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Wednesday, October 28, 2020
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Trail system plan in works for south county

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Chris Bairdhttp://www.servedaily.com
Chris is a family man with a beautiful wife and four kids. Three Girls, One Boy. He enjoys playing basketball, being outdoors, and the old normal.

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By Christi C. Babbitt

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With the help of southern Utah County’s cities, a local governmental organization is evaluating the area’s walking and bicycling opportunities and drafting a plan to improve them.

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Representatives of the Mountainland Association of Governments held a public meeting in Spanish Fork on Oct. 22 to collect public input on an Active Transportation Plan being developed for south county communities stretching from Springville to Santaquin. The plan will address future development of walking and biking trails in the southern Utah County area.

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Jim Price, an active transportation planner for MAG, said the Spanish Fork meeting was part of MAG’s efforts to learn where the public would like to see trails developed. “There are a lot of people down here that know where they like to go or where they want to go, and we want them to tell us,” he said.

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MAG, an organization providing community development and regional planning services to residents in Utah, Summit and Wasatch counties, has worked with individual cities in northern Utah County during the past several years to improve the walking and biking opportunities in that area. When MAG approached the cities in southern Utah County, the cities wanted to join together and create a plan as a group.

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There are currently more trails available to residents in northern Utah County, but the area has a larger population as well. “As south county continues to grow, the opportunity to put in some of these trails is going to disappear if we don’t jump on it now,” Price said. The plan would include new trails as well as ways to network the trails together.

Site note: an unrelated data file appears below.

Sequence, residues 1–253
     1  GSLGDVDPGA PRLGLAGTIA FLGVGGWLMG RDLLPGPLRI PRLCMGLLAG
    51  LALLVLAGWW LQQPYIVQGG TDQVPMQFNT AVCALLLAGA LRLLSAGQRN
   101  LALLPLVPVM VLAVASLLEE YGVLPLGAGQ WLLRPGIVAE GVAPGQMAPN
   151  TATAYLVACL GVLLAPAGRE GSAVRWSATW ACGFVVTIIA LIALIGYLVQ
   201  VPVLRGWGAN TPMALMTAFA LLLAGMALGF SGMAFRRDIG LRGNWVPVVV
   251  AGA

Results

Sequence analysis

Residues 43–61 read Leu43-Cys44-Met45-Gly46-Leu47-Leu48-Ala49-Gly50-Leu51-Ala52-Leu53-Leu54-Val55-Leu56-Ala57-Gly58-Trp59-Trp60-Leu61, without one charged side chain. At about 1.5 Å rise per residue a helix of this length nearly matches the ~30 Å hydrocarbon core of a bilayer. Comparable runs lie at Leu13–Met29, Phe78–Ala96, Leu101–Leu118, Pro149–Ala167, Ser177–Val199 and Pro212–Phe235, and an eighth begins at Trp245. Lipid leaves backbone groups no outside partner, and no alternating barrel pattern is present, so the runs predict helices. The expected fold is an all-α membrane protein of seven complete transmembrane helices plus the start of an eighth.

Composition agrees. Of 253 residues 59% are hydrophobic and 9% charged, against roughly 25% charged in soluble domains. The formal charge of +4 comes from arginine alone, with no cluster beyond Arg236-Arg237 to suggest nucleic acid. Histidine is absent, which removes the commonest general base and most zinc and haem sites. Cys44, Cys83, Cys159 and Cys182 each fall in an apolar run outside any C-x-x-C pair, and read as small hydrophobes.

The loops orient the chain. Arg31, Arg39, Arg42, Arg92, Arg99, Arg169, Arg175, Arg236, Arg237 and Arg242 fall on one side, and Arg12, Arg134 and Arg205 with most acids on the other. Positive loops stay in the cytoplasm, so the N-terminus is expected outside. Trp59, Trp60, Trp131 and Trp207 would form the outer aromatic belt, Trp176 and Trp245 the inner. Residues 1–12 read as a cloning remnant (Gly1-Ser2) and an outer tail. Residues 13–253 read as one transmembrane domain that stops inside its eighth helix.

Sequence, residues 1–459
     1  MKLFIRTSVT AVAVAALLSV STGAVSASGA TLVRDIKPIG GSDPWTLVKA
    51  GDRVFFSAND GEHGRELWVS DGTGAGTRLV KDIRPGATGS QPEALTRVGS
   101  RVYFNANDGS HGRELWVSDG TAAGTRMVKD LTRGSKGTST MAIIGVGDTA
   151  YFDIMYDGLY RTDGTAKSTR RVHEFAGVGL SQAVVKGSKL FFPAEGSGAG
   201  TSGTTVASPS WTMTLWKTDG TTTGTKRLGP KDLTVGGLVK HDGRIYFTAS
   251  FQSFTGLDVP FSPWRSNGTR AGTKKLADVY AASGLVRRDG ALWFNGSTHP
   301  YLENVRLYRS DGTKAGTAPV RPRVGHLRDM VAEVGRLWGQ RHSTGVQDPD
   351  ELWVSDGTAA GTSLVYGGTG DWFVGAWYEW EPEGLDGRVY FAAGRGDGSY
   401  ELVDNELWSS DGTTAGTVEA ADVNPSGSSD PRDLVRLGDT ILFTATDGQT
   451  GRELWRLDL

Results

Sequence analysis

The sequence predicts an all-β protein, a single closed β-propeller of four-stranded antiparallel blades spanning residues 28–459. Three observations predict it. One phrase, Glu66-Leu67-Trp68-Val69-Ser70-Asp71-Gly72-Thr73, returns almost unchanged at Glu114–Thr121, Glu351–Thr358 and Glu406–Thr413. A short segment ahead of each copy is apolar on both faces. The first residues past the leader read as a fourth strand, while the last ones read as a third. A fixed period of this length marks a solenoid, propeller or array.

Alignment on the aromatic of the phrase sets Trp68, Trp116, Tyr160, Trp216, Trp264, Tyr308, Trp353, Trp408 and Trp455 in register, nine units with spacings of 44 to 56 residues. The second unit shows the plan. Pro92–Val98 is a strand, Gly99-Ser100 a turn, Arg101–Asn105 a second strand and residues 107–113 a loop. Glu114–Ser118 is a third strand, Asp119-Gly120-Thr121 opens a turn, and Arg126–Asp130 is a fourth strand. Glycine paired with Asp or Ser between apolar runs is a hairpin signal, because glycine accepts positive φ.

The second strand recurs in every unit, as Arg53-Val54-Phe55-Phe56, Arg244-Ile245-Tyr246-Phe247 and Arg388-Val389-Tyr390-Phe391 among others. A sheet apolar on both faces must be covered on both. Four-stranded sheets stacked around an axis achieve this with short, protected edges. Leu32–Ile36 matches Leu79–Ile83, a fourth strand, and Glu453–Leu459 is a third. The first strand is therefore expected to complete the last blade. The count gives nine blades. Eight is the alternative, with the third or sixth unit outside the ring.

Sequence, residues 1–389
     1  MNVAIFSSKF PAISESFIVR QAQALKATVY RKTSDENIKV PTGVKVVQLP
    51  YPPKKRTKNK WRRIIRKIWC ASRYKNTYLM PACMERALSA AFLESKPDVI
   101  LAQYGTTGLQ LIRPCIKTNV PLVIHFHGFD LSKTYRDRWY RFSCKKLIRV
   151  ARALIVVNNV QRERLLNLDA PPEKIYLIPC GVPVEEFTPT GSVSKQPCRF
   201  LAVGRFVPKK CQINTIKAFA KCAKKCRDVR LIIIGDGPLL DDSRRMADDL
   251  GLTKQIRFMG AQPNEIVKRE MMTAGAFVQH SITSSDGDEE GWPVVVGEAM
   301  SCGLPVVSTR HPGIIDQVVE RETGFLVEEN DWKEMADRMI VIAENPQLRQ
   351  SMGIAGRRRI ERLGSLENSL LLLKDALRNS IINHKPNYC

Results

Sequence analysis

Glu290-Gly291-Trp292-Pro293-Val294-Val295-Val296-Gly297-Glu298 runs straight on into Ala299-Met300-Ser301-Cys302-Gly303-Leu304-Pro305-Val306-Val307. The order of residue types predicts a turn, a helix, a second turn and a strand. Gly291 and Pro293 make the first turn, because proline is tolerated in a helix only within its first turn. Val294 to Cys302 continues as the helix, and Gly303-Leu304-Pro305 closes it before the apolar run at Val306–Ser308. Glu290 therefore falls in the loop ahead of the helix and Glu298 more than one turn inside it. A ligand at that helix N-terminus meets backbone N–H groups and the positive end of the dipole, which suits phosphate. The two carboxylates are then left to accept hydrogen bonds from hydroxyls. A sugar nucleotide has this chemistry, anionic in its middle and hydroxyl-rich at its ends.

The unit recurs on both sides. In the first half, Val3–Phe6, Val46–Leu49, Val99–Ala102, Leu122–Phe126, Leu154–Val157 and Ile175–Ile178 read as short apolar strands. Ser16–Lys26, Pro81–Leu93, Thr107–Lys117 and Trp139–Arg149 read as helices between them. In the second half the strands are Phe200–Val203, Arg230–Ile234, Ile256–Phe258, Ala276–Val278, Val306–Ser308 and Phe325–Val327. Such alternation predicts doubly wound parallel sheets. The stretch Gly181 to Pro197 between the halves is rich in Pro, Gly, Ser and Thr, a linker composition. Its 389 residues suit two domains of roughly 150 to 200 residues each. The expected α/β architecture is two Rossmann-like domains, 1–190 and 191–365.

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Funding for new trails already exists through a variety of sources including the federal gas tax, county sales tax and state funds. Often trails are created as UDOT rebuilds roads, Price said, adding that it is much more cost effective to install a trail when construction is already happening.

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“What we find is that in order to take advantage of opportunities that do arise, we have to plan for them. Without a plan, those opportunities never take shape. They come and they go,” Price said.

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MAG uses technology to count how many people use existing county trails. Price pointed out that these are established, paved trails, not neighborhood or wilderness trails. In 2014, MAG counted 2.2 million trips on the trails countywide. “We think that we get a pretty good percentage of the county using these at least periodically,” Price said.

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The trails are important because they add to quality of life as well as provide an alternative means of transportation. People surveyed while using county trails have said they like using them for exercise and to spend time with their families.

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Price said the next step will be to work with the cities and the county to flesh out the plan and see what makes the most sense, especially when considering the next 10 years. Work on the plan started in July and is expected to be completed by the summer of 2016.

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An online map where residents could make recommendations for the plan closed to input at the end of October, but residents can still submit their comments at the MAG website.

Avatar
Chris Bairdhttp://www.servedaily.com
Chris is a family man with a beautiful wife and four kids. Three Girls, One Boy. He enjoys playing basketball, being outdoors, and the old normal.

More from Author

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